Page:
John 16:13: Activities of the Spirit

On the night before His crucifixion, Jesus once again foretold ways in which the Holy Spirit would be involved with the apostles after His ascension. He told them, “I have yet many things to say unto you, but ye cannot bear them now” (Jn. 16:12). Apparently the teaching He had already given them had brought them to the saturation point. This condition posed a problem. Because He had told them that He would be leaving them shortly, how would they obtain the additional knowledge He wanted them to have?

Jesus presented the solution to this problem when He declared, “Nevertheless, when he, the Spirit of truth, is come, he will guide you into all truth; for he shall not speak of himself, but whatever he shall hear, that shall he speak; and he will show you things to come” (Jn. 16:13).

In the first part of this declaration, Jesus asserted that the Holy Spirit would guide His apostles into “all the truth” (literal translation), not just some of it. Thus, once again the Lord was indicating that during the corporate lifetime of the apostles who had been with Him during His earthly ministry, all of the additional truth He wanted the church to have would be delivered to them by the Spirit.

Jesus also stated that the Holy Spirit would show the apostles “things to come” (future events). Prophecies concerning the future were recorded in some of the epistles and in most of Revelation.

The Apostles’ Witness Concerning the Divine Nature of the New Testament
The Apostle Paul’s Witness

Paul witnessed concerning the divine nature of the New Testament in 1 Corinthians 2:13. In verse 10 he referred to things that God had revealed to the apostles and New Testament prophets by the Holy Spirit (cp. Eph. 3:5, where Paul talked about knowledge “Which in other ages was not made known unto the sons of men, as it is now revealed unto his holy apostles and prophets by the Spirit”).

In verse 13 Paul explained what happened when the apostles and New Testament prophets communicated this Spirit-revealed knowledge: “Which things also we speak, not in the words which man’s wisdom teacheth, but which the Holy Spirit teacheth, comparing spiritual things with spiritual.” The word translated comparing also means “combine” (Arndt and Gingrich, A Greek-English Lexicon of the New Testament, p. 782). The first word translated spiritual “can denote the content of the knowledge given by God’s Spirit” (Eduard Schweizer, Theological Dictionary of the New Testament, VI, p. 437).

Paul was saying that when the apostles and New Testament prophets communicated the knowledge revealed to them by the Holy Spirit, the Spirit worked with them supernaturally, enabling them to combine the Spirit-revealed thoughts with Spirit-prompted words. In other words, their verbal communication of God’s revelation was divinely inspired; even the words were inspired by the Spirit. This was necessary if their communication was to be accurate

Because the apostles and New Testament prophets communicated God’s revelation—not only orally but sometimes in written form—this activity of the Spirit took place when they wrote the books of the New Testament. Thus, in his 1 Corinthians 2:13 statement, Paul was claiming divine inspiration for the words of those books and thereby was witnessing concerning the divine nature of the New Testament. This passage is a significant basis for the concept of verbal inspiration.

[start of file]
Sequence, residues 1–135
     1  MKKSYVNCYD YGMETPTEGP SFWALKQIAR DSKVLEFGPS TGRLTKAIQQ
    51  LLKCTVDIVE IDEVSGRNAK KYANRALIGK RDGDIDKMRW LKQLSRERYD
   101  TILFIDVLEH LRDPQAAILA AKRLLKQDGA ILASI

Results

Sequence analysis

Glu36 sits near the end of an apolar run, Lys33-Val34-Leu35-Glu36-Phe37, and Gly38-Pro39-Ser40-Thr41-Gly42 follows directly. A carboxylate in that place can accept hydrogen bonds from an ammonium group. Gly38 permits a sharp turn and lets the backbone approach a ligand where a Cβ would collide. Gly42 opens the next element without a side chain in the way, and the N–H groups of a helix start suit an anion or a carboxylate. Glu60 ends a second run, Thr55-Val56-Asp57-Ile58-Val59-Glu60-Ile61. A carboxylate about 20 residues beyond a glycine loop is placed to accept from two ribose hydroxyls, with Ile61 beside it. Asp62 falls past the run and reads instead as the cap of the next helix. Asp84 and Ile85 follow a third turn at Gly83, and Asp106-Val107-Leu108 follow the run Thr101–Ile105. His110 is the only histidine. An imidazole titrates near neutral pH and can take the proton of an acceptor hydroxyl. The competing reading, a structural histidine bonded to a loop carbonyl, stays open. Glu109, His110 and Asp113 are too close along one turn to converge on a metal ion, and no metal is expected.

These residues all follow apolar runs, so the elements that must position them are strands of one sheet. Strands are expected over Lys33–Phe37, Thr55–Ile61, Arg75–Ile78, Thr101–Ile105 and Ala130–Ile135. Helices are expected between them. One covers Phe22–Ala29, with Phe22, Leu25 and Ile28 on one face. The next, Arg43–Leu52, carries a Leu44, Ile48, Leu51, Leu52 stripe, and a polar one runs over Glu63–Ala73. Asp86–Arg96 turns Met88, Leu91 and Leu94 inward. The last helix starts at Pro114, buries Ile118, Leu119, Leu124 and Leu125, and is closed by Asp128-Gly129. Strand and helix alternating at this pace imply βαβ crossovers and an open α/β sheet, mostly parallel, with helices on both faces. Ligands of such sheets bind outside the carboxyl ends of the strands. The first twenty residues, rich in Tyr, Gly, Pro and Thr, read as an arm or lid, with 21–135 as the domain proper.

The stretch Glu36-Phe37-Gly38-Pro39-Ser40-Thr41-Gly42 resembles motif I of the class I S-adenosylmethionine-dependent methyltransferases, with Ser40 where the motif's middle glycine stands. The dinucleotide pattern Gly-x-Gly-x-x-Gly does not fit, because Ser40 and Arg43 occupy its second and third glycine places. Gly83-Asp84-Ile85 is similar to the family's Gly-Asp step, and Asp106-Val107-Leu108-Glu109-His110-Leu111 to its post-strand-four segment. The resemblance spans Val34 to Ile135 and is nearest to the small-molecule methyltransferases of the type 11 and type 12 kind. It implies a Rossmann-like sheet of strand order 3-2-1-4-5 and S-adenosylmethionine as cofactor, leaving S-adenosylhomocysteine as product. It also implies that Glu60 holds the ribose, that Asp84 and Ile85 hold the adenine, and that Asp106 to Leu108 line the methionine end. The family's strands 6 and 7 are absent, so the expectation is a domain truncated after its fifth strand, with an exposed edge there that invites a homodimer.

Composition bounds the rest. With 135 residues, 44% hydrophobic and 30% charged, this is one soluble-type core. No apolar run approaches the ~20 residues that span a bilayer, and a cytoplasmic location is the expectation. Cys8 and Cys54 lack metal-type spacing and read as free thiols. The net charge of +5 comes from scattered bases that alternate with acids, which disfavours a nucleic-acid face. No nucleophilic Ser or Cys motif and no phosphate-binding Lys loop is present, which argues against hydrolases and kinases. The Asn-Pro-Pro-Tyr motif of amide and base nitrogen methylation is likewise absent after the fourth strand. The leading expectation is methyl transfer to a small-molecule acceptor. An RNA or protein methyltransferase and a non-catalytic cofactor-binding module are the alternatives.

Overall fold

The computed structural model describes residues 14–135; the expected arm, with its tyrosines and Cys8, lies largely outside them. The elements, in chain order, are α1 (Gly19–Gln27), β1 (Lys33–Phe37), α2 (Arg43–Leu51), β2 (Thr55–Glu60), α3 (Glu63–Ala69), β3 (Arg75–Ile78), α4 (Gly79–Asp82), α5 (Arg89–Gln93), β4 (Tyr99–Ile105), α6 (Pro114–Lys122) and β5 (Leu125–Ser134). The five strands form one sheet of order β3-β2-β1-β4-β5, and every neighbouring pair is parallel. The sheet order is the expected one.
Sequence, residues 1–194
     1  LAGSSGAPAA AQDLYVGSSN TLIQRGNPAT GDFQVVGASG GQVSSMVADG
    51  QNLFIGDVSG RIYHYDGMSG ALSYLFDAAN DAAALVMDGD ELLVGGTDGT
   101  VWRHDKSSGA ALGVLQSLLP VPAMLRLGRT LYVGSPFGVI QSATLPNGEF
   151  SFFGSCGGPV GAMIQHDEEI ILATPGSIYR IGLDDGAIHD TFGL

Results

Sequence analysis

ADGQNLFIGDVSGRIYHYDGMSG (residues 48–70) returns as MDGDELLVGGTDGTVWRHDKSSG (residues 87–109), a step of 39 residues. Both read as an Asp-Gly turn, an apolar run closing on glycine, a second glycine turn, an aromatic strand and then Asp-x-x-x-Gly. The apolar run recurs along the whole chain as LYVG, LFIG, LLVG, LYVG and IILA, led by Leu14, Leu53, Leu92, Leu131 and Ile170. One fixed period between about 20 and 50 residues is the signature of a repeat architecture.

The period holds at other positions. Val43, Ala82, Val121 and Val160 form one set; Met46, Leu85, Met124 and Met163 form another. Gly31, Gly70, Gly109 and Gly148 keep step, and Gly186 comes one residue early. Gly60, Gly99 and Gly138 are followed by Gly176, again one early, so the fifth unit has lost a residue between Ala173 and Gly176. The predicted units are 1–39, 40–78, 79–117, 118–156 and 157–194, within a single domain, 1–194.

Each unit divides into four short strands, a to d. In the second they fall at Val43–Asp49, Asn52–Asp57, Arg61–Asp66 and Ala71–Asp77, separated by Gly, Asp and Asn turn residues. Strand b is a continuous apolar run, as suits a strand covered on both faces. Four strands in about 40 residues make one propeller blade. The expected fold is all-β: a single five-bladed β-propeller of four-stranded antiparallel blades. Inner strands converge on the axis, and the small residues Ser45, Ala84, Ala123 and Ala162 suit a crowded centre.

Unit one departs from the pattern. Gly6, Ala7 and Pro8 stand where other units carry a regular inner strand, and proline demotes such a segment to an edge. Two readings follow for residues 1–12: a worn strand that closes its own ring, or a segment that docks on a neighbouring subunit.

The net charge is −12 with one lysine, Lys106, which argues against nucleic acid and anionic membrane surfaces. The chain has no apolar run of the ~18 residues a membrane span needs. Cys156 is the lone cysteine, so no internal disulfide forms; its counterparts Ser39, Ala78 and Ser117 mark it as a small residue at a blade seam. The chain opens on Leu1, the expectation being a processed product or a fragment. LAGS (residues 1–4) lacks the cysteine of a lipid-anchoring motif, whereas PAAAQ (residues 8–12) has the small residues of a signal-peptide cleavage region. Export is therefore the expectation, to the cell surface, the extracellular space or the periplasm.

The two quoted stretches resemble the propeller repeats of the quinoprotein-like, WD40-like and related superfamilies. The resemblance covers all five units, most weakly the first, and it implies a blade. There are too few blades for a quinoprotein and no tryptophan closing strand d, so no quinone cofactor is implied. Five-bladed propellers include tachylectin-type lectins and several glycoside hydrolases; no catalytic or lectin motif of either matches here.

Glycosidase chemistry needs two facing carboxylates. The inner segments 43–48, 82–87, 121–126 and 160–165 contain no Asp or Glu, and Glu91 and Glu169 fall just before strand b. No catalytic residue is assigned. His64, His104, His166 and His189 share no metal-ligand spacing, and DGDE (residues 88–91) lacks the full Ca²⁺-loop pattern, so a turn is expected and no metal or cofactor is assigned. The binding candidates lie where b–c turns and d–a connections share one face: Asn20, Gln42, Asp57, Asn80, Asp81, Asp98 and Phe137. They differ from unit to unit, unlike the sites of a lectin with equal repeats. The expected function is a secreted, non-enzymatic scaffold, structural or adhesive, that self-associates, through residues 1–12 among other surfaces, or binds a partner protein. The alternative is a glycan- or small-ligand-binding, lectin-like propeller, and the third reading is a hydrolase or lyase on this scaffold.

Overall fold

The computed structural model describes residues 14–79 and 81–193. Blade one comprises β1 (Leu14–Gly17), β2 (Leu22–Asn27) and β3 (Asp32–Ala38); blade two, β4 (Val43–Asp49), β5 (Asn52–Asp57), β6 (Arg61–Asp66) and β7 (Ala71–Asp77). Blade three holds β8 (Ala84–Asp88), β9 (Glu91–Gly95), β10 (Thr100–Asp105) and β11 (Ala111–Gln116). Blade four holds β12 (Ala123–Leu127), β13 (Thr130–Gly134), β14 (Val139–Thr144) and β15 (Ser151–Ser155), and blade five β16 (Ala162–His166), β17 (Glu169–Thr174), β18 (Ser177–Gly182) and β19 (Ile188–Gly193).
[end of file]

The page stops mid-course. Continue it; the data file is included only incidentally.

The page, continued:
In 1 Corinthians 14:37 Paul asserted, “the things that I write unto you are the commandments of the Lord,” thereby indicating that God was the ultimate source or author of what he wrote in 1 Corinthians. This was his witness for the divine nature of the book.

The Apostle Peter’s Witness

Peter claimed that when Paul wrote his epistles, he recorded “the wisdom given unto him” (2 Pet. 3:15). He thereby indicated that Paul was not the ultimate source or author of his epistles.

Peter referred to certain people who abused Paul’s epistles, “as they do also the other scriptures, unto their own destruction” (2 Pet. 3:16). Through this statement, Peter put Paul’s epistles in the category of Scripture. Because the apostles applied the term Scriptures exclusively to divinely inspired writings (2 Tim. 3:16), Peter thereby claimed divine inspiration for Paul’s epistles. His assertion that abuse of Paul epistles would bring destruction indicated that those New Testament books were not just human writings.

Conclusion

Why is belief in the divine inspiration of the Bible important? One critical reason is, as noted in this and the previous article, that Jesus Christ believed and taught the divine inspiration of the Old and New Testaments. In light of this, denying the inspiration of the Bible is defaming the character and truthfulness of Jesus Christ. If He knowingly taught error on this subject, then He lied and thereby flawed His character. If He taught error because of personal ignorance on this subject, how can we be certain that He didn’t do the same thing on other subjects? Denial of the divine inspiration of the Bible prompts conclusions and questions such as these and thereby undermines the person and work of Jesus Christ.